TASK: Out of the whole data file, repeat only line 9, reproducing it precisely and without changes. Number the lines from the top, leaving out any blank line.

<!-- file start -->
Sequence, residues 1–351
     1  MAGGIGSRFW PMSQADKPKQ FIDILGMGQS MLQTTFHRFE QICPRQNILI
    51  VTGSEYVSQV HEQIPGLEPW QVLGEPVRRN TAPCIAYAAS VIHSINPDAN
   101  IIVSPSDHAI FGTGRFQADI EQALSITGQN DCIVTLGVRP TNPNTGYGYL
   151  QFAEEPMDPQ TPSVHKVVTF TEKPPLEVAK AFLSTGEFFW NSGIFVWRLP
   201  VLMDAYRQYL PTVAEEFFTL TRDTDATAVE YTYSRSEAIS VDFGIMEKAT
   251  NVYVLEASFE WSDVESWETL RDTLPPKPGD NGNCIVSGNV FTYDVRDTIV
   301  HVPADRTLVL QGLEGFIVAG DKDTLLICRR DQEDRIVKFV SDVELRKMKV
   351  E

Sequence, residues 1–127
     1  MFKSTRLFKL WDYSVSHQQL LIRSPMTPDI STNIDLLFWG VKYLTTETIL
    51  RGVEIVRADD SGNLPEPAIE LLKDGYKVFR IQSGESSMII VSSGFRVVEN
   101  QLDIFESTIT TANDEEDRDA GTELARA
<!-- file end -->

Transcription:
   351  E